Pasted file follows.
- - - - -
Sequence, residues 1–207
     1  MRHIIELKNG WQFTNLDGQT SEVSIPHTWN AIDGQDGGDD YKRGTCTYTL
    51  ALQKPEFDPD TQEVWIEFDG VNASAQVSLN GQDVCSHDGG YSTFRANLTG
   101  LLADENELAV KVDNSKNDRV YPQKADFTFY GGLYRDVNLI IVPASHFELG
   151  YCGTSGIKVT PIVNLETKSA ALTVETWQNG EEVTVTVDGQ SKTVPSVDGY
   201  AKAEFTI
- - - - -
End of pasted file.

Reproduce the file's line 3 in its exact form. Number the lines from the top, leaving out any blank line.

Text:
    51  ALQKPEFDPD TQEVWIEFDG VNASAQVSLN GQDVCSHDGG YSTFRANLTG